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River kayak for lake

Considering buying small whitewater kayak for small lake

for better maneuverability and different types of workouts

dont care about speed or distance

not sure if that would be a mistake 

I already have a regular recreational lake kayak


3 Replies

Hey @Laps!

Just a couple weeks ago, I met a friend on a local flatwater lake after a river paddle in my whitewater kayak! It isn't impossible and it certainly is a workout, so it might be right for you if that is your main goal. Many people learn and practice different whitewater skills on flatwater, so that could add to your types of workouts. If you get a sprayskirt and are comfortable wet exiting or rolling (or learn to roll), you open up your world to a lot of new kayak based workouts!

As for maneuverability, it is certainly more nimble and responsive to paddle a whitewater kayak, but on flatwater that means you have to correct yourself with almost every stroke. And I'd be lying if I said I didn't end up spinning my boat once the other day! Most whitewater boats are flat on the bottom and designed to slow you down, so you have time to make your moves, this means they have nothing to get you to track, meaning go straight. If you are used to a recreational kayak, you will have a long time adjusting to how to paddle this type of boat on flatwater. I wouldn't necessary call it maneuverability that you gain, but the boats are certain more responsive.

Lake Natoma in Folsom, CALake Natoma in Folsom, CA

Here are a few other things to consider about a whitewater kayak:

  • Whitewater boats have lower primary stability. This means it will feel a lot more likely to tip over than your current boat when you get into it and until you get used to paddling it, you are more likely to fall in and get wet.
  • Whitewater boats have extra structural pieces to stand up to the forces of whitewater. This means the boats are heavier and you will pay a higher price point for a new boat. For the new current versions of the boats picture above, the pink whitewater boat is 2.5 times the cost of the rec kayak.
  • The cockpit of the boat will be very different from a rec kayak, more like a sea or touring kayak cockpit. Whitewater boats are meant to be a tighter fit than a rec boat, with many contact points (hips, thighs, knees, feet) for lots of control. If you like a roomier fit or space to stretch out, then a whitewater kayak won't be as comfortable for you.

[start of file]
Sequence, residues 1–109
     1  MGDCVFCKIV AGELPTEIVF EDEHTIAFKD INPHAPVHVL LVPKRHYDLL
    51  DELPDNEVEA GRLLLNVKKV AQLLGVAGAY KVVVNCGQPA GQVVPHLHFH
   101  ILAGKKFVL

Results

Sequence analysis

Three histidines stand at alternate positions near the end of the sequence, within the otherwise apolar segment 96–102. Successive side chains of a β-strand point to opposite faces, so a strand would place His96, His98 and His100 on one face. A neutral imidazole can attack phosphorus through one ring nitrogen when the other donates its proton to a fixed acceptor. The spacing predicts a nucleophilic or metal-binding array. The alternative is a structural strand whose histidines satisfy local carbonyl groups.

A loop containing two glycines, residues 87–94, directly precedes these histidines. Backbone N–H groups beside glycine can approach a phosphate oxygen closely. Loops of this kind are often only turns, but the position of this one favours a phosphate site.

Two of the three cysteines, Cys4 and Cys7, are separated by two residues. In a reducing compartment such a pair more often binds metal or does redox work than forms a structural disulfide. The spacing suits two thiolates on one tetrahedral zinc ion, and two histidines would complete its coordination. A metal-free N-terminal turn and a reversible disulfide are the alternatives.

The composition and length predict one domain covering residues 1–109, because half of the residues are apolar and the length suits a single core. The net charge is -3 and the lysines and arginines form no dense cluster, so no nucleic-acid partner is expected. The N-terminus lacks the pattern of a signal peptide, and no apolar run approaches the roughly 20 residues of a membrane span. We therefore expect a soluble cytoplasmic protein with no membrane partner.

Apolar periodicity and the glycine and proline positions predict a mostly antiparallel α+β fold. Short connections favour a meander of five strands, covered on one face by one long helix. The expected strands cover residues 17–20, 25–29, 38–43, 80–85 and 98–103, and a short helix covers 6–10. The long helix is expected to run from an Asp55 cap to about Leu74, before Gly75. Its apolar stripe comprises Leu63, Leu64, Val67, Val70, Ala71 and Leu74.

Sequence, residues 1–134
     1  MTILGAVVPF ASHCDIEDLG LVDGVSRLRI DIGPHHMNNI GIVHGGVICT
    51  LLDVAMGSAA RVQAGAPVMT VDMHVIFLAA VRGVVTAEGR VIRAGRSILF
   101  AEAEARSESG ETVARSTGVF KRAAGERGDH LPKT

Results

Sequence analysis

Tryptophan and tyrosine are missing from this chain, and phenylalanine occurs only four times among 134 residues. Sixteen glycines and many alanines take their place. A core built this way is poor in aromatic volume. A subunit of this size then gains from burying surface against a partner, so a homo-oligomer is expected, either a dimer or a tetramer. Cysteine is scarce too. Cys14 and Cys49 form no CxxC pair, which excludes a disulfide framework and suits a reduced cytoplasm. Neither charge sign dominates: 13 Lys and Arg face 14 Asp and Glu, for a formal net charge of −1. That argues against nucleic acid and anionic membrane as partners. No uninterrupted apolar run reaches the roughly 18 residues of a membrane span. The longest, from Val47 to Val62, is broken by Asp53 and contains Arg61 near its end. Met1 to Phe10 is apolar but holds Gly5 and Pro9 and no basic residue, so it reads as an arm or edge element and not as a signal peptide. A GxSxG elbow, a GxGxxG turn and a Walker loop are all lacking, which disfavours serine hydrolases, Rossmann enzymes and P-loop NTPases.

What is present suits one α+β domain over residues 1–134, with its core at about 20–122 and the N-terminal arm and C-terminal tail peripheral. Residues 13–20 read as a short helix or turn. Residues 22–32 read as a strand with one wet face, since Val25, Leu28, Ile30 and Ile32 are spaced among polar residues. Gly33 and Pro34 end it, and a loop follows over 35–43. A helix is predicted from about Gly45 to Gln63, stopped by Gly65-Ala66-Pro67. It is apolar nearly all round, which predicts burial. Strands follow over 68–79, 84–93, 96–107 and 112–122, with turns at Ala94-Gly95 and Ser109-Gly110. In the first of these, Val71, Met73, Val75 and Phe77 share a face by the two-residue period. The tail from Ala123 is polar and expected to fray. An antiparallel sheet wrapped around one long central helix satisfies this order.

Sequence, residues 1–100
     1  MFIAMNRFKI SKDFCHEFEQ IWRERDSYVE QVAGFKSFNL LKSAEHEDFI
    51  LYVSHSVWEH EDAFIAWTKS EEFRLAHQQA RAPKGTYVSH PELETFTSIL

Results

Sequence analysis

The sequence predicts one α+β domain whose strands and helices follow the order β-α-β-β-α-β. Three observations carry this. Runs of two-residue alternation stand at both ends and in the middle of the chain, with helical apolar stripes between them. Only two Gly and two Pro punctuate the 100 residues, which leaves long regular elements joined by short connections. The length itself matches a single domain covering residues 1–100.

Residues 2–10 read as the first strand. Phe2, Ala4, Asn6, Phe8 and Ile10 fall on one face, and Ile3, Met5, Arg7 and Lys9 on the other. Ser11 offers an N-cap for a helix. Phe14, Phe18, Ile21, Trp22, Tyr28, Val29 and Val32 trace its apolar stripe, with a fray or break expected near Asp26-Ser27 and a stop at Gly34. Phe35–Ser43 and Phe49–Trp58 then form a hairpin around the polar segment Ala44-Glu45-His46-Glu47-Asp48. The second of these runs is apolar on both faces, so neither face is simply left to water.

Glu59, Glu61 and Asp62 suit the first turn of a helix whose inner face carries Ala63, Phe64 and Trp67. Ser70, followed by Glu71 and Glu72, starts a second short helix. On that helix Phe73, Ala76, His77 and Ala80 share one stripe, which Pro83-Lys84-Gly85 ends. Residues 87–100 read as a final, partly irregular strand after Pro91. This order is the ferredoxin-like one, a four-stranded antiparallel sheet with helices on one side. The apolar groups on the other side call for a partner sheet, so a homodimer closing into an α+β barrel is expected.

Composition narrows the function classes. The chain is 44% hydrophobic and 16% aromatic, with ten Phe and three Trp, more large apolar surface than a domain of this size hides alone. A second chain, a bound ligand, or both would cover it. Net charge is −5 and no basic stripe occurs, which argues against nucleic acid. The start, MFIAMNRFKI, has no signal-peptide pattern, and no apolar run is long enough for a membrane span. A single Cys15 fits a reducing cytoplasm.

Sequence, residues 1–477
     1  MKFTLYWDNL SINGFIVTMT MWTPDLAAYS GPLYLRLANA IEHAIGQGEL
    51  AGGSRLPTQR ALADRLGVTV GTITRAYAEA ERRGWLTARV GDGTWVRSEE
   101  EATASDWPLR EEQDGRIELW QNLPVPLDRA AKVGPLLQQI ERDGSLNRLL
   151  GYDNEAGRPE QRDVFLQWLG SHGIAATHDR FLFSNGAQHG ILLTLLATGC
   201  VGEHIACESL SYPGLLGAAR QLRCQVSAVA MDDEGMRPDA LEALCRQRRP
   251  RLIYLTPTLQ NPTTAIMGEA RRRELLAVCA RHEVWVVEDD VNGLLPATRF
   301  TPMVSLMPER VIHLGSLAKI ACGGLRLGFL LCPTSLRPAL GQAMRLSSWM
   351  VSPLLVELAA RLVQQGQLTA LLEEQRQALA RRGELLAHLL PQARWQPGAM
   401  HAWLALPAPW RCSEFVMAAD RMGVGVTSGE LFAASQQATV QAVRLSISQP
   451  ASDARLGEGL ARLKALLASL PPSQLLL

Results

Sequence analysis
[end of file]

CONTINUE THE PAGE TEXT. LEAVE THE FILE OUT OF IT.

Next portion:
• That all said, many current kayak models have ergo molded seating designed for long days on the river, that are much nicer than most recreational boats.
  • Depending on your current paddle accessories, you may need to pick up some new gear. The best paddle for a whitewater kayak is a high angle paddle, and most rec kayakers use a low angle paddle. The difference comes down to how you use it and what types of strokes you take, which are different for each style of boat. You could probably use your current paddle, but you will lose some of the maneuverability you were looking for. Also, since whitewater boats are more likely to tip and get wet, many people use float bags to fill up unused space with air, and make it easier to right your kayak.

If it were me, then I would only go for the whitewater kayak, if I had interest in learning how to whitewater kayak. Otherwise, a short recreational boat would be best. Good luck and hope this helps!

At REI, we believe time outside is fundamental to a life well lived.

Thank u!

Happy to help! 😊 Let me know what you decide to go with or if you have any more questions!

At REI, we believe time outside is fundamental to a life well lived.